You'll recognize the new firm. It's a hybrid of Price Waterhouse and what was left of Coopers & Lybrand, which, after getting substantial help (inside bid information) from two close pals of ex-Gov. J. Fife Symington III, landed the infamous Project SLIM contract to tell state agencies how to cut costs.

It's especially nice to see Democratic Supervisor Raul Grijalva follow Symington's lead.

PEDAL PABLUM: For a typical example of what the Star had become under Steve Auslander, check out the paper's front-page banner headline of Tuesday, October 5: "Lack of $50,000 sponsor threatens 2000 El Tour."

Once again, pretend reporter Alan D. Fischer was allowed to write the annual story in which Richard J. DeBernardis, organizer of the big bicycle peddle-fest, bemoans the fact that corporate sponsors are not falling all over themselves to throw money at him and his bloated staff of full-time employees. Boo-hoo.

DeBernardis has whined this same whine every other year or so for as long as we can remember. Most years Fischer, whether claiming a job in Star Sports or Money, phones in the El Tour story like the good little PR flack he is.

Take this lede from the front-page of the Star on May 15, 1996, for example: "Unless public and private financial support for El Tour de Tucson is forthcoming, the city's largest cycling event will disappear, its organizer said yesterday." As opposed to the most recent and somewhat snappier: "Time is running short for El Tour de Tucson."

Now that's "community journalism" at its finest. Of course most of Fischer's PR puffery on behalf of DeBernardis is positive -- quietly rejoicing in his getting sponsors at the last moment, or expressing relief at his snagging multi-year contracts.

What's wrong with that, you ask?

Nothing, if you're into press releases. But instead of publishing the same old same old every year, we'd like to see someone -- not Fischer -- take a good hard look at DeBernardis' claims. Do the charities El Tour serves get the big bucks, as is invariably assumed in Fischer's stories? Does anybody ever get ticked at DeBernardis and his Perimeter Bicycling Association of America? Instead, it seems the Star's supposed editors have allowed Fischer simply to parrot the bicycling baron's claims without any real scrutiny.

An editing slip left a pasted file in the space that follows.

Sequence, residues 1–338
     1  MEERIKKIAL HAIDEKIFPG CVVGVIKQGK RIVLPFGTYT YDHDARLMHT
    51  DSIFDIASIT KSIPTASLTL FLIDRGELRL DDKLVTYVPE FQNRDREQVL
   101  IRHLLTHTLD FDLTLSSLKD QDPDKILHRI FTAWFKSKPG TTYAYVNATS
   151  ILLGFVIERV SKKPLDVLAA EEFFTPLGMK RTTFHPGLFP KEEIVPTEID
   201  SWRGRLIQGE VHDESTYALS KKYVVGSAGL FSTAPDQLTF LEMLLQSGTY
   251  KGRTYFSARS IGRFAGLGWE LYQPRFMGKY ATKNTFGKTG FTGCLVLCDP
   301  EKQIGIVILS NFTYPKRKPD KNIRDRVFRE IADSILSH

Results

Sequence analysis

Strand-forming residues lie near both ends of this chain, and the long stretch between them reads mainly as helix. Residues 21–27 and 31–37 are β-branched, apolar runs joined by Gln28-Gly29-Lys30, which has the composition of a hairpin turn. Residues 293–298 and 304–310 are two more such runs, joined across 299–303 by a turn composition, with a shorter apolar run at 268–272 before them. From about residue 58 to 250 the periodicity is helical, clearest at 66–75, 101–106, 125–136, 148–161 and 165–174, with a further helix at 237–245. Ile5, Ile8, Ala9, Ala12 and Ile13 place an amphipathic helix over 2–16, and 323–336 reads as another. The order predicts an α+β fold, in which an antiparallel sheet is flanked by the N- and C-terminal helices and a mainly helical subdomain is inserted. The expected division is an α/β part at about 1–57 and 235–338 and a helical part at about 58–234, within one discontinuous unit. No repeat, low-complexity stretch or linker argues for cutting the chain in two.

For example, Fischer writes that DeBernardis "said El Tour weekend has a $1.5 million economic impact to the city." Perhaps, but where's the proof in The Arizona Daily Star? In 1995, Fischer quoted DeBernardis as saying the event "contributes $10 million to $12 million to the local economy yearly." Instead of the facts, Star readers get just the fax, directly from DeBernardis and without the petty annoyance of actual editors insisting that he prove his grandiose statements.

If what DeBernardis claims is true, you'd think Tucson's hospitality industry would be laboring like a pregnant porker to deliver the cash for El Tour this year.

In 1995, Fischer proudly noted that his own newspaper's StarNet division sponsored the bike ride. Fischer The Flack even threw in a hackneyed press release quote from Larry Aldrich, president of Tucson Newspapers, who said, "I'm very happy about (the sponsorship). This has been a great event for Tucson, and we want to see it continue."

Hey, we've got an idea. Why not tell us what happened to DeBernardis' deal to merge with that California marketing company, as reported in the December 19, 1995, Star Money section? But of course we expect too much. It's only The Arizona Daily Star, after all, and not a real newspaper.

CALL FOR RECALL: The deadline is fast approaching for Parents As Children's Advocates to turn in signatures for the recall effort against Amphi Board members Gary Woodard, Richard Scott and Virginia Houston. The group is gathering signatures from 9 a.m. to 5 p.m. Saturdays and 1 to 5 p.m. Sundays at Nanini Library, 7300 N. Shannon Road, and Saturdays from 9 a.m. to 5 p.m. at Woods Library, 3455 N. First Ave. For more information or the Amphi recall petition nearest you, call 297-3594.